We’ve all been through tough times where we find it hard to scrape by. In today’s economy, it can be a serious struggle to pay bills, make rent, save for retirement, and set aside a nest egg for a rainy day. Although there are several reasons why it’s harder for the average joe to make ends meet, one of the root causes is poor money management.
Face it, to make it in this economy you need to know how to hustle, plan, and save, even if it’s only a few bucks here and there. While it may sound tedious to some, you cannot achieve financial freedom unless you’re willing to play the long game and develop a calculated, reasonable savings plan.
To help you develop a step-by-step plan to financial independence, we put together this five-point guide to start saving money today.
1: Grow Your Side Hustle
Whether online or offline, you can make money fast by working one of the many lucrative part-time side hustles. If you can’t negotiate a raise at your full-time job, chances are you will have to start chipping away at a side job in your spare time.
While this may sound like a chore to some, those who work side jobs often prefer their side gig over the full-time job that pays the bills. This is because side jobs offer workers more freedom than your typical nine-to-five.
For example, popular ride-sharing jobs like Uber or Lyft driving allow workers to set their own hours, never wait around for a paycheck, and never have to deal with a nagging boss. With a side hustle, you are the boss! Working a side job on weekends and evenings extends beyond ride-sharing apps, too.
Here are a few of the most popular side jobs for those trying to save money fast without having to hand in a resume or sit through tedious interviews:
- Task Rabbit (Freelance Labor)
- Instacart (Grocery Delivery)
- com (Home Care)
- Uber Eats (Food Delivery)
- Survey Junkie (Online Surveys)
- Upwork (Freelancing)
- Amazon Affiliates (Affiliate Marketing)
2: Build an Emergency Fund
Every responsible savings plan needs to include an emergency fund. These funds should be set aside as a reserve supply of money in case of an emergency, surprise bill, or the loss of a job. No matter which financial planner you talk to, they will probably recommend you start saving for an emergency fund, since you always want to be prepared for the worst.
Ideally, an emergency fund will hold no less than three months’ worth of savings. In other words, the fund should hold enough money to pay your bills and get you by without the bill collectors knocking on your door for roughly 12 weeks. This gives you enough of a buffer period to find a new job and get back on your feet without dipping into your main savings fund.
3: Create a SMART Savings Plan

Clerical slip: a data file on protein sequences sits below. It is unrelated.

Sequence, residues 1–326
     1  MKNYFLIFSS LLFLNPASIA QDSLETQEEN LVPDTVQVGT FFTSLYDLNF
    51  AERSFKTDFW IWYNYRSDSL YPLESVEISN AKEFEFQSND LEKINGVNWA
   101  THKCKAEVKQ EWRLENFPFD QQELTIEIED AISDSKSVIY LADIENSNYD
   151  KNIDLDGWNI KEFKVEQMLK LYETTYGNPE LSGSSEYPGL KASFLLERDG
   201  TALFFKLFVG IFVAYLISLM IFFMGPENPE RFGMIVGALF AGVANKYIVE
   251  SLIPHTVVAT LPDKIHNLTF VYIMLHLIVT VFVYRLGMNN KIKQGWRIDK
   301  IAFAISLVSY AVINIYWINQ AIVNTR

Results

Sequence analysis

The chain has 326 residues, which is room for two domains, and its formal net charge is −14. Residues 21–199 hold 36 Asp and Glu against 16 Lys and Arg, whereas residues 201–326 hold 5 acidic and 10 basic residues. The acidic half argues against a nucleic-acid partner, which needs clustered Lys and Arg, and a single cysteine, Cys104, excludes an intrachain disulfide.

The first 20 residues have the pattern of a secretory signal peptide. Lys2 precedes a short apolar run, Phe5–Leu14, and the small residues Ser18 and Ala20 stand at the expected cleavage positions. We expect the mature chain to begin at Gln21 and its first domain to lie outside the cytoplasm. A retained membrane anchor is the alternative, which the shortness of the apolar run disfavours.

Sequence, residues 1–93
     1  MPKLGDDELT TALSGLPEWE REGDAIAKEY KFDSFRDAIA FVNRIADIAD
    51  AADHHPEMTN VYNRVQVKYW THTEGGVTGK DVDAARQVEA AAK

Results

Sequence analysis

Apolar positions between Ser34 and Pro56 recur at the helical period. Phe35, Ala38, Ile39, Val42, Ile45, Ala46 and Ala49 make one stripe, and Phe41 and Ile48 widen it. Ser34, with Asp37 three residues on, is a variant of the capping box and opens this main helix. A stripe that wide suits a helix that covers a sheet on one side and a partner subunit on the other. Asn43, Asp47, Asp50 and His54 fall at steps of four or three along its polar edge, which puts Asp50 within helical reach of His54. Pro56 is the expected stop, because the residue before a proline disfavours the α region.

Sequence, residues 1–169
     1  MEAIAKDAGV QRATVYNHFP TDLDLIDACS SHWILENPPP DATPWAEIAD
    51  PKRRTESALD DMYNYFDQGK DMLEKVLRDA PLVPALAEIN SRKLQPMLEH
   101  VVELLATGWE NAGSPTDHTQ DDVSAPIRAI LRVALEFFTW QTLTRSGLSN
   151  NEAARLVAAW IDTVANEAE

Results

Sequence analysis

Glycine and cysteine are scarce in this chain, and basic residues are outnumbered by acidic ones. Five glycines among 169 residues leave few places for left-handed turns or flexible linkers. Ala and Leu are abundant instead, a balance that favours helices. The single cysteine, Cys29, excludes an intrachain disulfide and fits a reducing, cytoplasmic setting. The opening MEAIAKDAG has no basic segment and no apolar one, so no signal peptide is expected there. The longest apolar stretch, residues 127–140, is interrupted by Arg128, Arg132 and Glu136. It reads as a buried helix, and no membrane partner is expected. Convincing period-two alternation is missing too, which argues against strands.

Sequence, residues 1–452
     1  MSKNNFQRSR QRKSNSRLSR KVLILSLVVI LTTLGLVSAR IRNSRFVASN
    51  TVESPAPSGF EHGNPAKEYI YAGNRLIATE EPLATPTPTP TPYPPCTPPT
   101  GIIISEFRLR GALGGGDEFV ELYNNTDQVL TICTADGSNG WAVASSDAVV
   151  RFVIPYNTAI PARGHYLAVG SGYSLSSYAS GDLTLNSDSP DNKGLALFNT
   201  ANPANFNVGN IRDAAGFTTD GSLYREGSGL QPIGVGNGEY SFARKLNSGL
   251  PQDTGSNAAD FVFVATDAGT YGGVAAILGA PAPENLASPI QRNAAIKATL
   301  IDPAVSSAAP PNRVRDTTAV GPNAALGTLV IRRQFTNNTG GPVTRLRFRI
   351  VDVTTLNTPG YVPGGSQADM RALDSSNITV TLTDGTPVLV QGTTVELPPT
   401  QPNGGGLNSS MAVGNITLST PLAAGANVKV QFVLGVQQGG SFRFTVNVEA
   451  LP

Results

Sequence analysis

If you are looking for ways to save money and boost your savings, you will need to create goals that are attainable. To succeed in saving money, you must be realistic and practical with the amount you decide to set aside every week or month.
The goals you set for yourself must be actionable. In other words, you won’t get away with setting pie-in-the-sky goals that you will never stick to. Instead, set SMART goals, which refers to an acronym coined in 1981 by George T. Doran, a former director of planning for the Washington Water Power Company.
The acronym “SMART” stands for Specific, Measurable, Achievable, Relevant, and Time-bound. Together, these principles make up the bedrock of any successful savings plan. Therefore, you will need to be specific about how much you will save (i.e., $750 monthly), measure how much you’re saving so you’re on track (about $187.50 weekly) and make sure you stick to your deadlines.
Many of the best wealth management resources online will tell you the same thing: SMART savings goals start with asking yourself the right questions. Don’t set a wishy-washy, low-ball goal like “I want to pay down my debts.” Instead, make your goal SMART by changing it to “I want to pay off all my debts to a $0 balance by December 31st.”
4: Reduce Your Expenses
If you cannot add to your income, you will need to cut back on expenses to save money. The best way to do this is to start by writing down all your recurring expenses and organize them on paper. When you do this, you will be able to see which expenses are non-essential (such as, say, Netflix or Amazon Prime) and which ones are (like car insurance).
The trick is to not be too stingy. If you love coffee, you don’t have to cut it out entirely. Instead, nix the takeout coffees and start brewing at home. If you love shopping, try hitting up thrift stores more often instead of department stores.
5: Start Collecting Perks and Rewards
These days, just about every retailer from major chain stores to local mom and pop shops have customer loyalty programs that you can opt-in to. A great place to start is with gas stations since top gas retailers like BP, Exxon Mobil, and Shell all offer customer rewards programs that can save you up to 20 cents on the gallon when you fill up.
The same is true of credit cards. When shopping for your next card, look for cards that offer cash back perks so you can receive a portion of your purchase back in cash that can be directly deposited into your savings account.
Hustle Your Way to Financial Freedom
When it comes to finding ways to save money and boost your savings, you need to get a little creative. Whether you want to achieve debt freedom or take that around-the-world vacation you’ve always dreamed of but could never afford—you need to get realistic and specific about your savings goals and get your hands a little dirty pinching pennies and cutting costs.